Saturday evening has come again and it finds me in circumstances which should call forth much gratitude to the author & preserver of my being. How is the fast? Possessing so many of the comforts of life, out of the immediate reach of want, unchained to a bed of sickness or of death, blest by the regard & affection of many worthy & valuable friends, enjoying the confidence & the... Continue Reading
I find that it will be impossible for me to leave home before the end of next week, if then, therefore, I must be allowed to consider myself still in your hands. I think that if General Colden interests himself in my behalf to the extent which I have some reason to think he will be willing to do, the Bill may be defeated in the Assembly or the period of my exemption extended 5 or 10 years but if... Continue Reading
Your favor of the 23d is at hand. It is a source of pleasure & pain like most other cups of felicity few being without alloy. The first pleasing consideration grows out of finding my friend Ogden among the affirmations. It proves to me that I was not mistaken in estimating his good sense & liberality and that he reciprocates those friendly sentiments with which our personal acquaintance... Continue Reading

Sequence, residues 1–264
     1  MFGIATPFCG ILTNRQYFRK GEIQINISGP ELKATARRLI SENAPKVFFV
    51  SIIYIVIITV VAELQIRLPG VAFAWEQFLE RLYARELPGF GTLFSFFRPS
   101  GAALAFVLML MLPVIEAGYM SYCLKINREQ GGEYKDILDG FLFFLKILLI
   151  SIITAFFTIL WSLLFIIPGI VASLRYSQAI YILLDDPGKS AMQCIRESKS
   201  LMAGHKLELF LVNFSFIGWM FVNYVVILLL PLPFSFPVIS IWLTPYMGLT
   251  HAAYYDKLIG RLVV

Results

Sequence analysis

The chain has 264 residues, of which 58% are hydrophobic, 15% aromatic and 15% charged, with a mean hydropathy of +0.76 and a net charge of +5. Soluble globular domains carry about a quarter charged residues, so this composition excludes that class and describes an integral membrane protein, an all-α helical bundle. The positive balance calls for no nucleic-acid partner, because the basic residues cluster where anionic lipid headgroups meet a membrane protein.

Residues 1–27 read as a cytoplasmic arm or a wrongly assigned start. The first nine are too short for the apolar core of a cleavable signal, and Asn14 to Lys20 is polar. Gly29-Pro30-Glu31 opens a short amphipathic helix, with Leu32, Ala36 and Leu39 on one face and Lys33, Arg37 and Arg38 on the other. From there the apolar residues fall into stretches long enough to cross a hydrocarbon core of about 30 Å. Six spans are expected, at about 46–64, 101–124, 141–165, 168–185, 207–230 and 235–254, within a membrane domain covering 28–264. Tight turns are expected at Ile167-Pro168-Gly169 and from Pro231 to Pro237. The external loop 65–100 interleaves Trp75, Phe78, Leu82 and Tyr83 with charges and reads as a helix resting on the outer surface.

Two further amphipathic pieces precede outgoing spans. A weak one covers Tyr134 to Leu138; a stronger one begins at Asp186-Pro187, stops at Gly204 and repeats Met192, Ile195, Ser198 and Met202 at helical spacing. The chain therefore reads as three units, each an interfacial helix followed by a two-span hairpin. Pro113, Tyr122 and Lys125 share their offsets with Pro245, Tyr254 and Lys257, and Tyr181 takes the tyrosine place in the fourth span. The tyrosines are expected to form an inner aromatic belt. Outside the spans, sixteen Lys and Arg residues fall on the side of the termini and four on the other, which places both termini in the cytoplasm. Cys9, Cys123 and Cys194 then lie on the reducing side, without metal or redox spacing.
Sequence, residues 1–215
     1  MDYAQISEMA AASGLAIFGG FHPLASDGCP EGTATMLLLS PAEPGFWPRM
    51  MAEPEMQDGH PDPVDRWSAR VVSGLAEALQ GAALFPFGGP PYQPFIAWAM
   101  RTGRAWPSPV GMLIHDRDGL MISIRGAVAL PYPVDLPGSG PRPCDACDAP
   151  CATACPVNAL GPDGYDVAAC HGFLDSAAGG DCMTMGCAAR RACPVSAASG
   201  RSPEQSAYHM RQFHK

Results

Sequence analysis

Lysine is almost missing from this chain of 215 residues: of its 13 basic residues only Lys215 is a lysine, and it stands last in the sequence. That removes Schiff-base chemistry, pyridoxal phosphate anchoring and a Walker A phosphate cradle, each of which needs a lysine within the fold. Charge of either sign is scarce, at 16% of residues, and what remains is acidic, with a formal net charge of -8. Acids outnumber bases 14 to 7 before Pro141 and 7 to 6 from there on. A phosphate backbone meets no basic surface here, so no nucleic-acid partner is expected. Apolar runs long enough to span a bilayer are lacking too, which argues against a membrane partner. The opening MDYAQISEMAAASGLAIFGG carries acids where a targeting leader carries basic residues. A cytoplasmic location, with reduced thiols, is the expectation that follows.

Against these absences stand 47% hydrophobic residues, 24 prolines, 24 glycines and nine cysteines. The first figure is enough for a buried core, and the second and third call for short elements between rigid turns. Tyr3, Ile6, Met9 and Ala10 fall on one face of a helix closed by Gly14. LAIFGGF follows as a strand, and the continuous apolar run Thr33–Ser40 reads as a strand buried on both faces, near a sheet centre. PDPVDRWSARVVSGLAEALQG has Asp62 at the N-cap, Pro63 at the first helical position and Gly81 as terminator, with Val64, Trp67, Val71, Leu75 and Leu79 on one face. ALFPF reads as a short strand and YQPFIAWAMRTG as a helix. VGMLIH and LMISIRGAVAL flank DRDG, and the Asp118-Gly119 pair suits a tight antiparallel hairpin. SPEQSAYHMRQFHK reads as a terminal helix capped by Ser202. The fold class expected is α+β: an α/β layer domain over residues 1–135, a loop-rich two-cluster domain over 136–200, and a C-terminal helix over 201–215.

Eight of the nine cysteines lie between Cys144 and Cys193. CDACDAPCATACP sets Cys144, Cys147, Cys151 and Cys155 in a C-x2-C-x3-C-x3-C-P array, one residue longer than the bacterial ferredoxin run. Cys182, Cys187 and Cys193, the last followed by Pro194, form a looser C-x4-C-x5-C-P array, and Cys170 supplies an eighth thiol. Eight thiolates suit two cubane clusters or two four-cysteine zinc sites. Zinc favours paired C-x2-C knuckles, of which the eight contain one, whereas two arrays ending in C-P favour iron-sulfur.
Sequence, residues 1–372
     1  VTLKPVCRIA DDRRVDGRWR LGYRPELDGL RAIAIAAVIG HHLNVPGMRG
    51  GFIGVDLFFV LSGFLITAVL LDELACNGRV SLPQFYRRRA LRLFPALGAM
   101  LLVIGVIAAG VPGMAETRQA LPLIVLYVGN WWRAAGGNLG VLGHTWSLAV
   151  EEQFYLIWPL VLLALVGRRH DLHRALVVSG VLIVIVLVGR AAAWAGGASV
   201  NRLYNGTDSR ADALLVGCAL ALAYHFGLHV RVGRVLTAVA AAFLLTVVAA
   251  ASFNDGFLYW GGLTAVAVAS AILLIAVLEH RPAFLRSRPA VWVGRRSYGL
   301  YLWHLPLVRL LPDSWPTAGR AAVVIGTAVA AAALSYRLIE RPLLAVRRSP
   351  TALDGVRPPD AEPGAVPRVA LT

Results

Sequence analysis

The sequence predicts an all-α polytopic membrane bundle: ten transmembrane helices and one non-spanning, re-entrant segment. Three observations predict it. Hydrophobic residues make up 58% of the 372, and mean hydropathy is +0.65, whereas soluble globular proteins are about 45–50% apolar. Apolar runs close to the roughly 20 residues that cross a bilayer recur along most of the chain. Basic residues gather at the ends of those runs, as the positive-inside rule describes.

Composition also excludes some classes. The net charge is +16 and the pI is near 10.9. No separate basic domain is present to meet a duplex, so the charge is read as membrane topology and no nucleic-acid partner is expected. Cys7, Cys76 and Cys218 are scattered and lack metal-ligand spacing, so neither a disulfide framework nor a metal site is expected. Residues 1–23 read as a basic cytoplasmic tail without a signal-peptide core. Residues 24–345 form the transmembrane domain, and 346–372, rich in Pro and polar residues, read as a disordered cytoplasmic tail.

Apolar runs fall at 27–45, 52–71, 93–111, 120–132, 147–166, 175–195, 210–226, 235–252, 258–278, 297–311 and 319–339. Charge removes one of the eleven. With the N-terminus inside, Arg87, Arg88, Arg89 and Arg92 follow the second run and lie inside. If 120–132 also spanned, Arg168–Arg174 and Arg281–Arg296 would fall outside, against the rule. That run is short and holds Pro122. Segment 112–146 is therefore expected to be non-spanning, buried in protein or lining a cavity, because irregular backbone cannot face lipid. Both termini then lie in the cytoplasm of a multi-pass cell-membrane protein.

It is just one week tonight since I returned, and I must confess that it has been one of the shortest I ever spent altho it followed a seperation from you. My mind has been so much occupied, so completely engrossed by ten thousand objects pressing continually on it, that time has flown imperceptibly away. I feel dear H. every word of your description of the loneliness & sorrow in which my... Continue Reading
I find that Mr. VanBuren is about starting & I have only time to say a few words to you. Your letter by him I received on Sunday evening, the other by mail altho written first I did not get until Monday morning. I was very happy to hear from you so fully, and I return you my warmest thanks for your remonstrance of me. The letter by Mr. Van Buren was received & read with the greatest... Continue Reading